|Range||western North America|
Adults are grey-olive on the upperparts with a grey head and a dark line through the eyes; the underparts are light becoming light orange-yellow on the lower breast and belly. They have a long black tail with white outer feathers. Western kingbirds also have a reddish crown that they only display during courtship and confrontations with other species.
It is very similar to and easily confused with Cassin's kingbird, Couch's kingbird and the tropical kingbird, all of which overlap the western kingbird's range to some extent. The western, however, is generally lighter in coloration and can be distinguished from these species by the black squared tail with white outer webs, as well as voice.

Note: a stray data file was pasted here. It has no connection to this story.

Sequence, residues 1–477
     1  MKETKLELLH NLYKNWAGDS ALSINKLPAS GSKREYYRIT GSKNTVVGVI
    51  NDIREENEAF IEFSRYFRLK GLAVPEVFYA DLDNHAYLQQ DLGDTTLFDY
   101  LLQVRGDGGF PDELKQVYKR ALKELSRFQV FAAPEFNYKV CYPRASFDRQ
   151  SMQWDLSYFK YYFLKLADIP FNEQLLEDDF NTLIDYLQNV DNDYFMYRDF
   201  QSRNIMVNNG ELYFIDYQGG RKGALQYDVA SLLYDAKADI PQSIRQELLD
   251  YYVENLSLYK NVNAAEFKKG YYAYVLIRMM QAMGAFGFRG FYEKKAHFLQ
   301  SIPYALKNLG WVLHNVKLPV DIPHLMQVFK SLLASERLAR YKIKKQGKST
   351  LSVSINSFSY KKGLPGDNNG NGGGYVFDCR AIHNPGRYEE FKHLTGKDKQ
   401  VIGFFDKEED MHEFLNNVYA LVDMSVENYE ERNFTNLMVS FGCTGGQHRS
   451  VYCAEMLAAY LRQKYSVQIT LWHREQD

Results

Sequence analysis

Their breeding habitat is open areas in western North America. They make a sturdy cup nest in a tree or shrub, sometimes on top of a pole or other man-made structure. Three to five eggs are laid and incubated for 12 to 14 days.
They wait on an open perch and fly out to catch insects in flight, sometimes hovering and then dropping to catch food on the ground. They also eat berries.
The song is a squeaky chatter, sometimes compared to a dog's squeaky toy. The call is a sharp loud whit. It occasionally sings before sunrise.